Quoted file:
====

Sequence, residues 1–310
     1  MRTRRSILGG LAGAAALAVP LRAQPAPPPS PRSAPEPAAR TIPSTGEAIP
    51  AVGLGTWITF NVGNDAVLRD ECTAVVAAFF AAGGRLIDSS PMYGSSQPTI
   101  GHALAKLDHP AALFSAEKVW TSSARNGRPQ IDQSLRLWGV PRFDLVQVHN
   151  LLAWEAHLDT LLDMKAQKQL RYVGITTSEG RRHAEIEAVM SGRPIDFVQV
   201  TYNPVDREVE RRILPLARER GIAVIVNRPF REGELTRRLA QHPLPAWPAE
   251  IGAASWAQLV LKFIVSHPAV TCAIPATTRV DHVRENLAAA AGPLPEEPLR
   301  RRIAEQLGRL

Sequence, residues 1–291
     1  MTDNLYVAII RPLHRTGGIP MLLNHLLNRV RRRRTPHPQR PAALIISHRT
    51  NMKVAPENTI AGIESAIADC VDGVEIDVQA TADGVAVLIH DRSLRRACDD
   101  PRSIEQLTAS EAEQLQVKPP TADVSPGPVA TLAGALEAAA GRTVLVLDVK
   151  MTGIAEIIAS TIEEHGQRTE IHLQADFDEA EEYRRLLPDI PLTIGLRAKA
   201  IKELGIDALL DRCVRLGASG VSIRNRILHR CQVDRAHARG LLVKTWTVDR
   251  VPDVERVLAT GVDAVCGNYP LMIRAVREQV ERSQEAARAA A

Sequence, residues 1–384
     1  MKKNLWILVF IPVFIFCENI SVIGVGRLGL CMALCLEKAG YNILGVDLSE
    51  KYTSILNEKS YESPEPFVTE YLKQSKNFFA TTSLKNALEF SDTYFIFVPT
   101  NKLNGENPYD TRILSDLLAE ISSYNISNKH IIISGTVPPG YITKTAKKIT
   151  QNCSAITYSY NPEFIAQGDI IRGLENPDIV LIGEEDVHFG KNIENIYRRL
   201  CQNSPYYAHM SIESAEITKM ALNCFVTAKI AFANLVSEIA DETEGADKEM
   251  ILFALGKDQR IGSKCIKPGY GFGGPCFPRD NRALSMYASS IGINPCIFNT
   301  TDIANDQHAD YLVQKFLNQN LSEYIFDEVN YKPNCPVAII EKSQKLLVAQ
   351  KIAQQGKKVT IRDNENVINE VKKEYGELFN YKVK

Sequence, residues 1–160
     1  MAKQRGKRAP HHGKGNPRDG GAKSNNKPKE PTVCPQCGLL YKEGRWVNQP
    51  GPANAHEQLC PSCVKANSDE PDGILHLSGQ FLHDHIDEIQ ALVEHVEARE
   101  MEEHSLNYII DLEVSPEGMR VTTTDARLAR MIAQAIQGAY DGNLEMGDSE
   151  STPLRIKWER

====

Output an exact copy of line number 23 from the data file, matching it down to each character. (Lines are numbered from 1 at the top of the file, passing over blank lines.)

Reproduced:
   301  TDIANDQHAD YLVQKFLNQN LSEYIFDEVN YKPNCPVAII EKSQKLLVAQ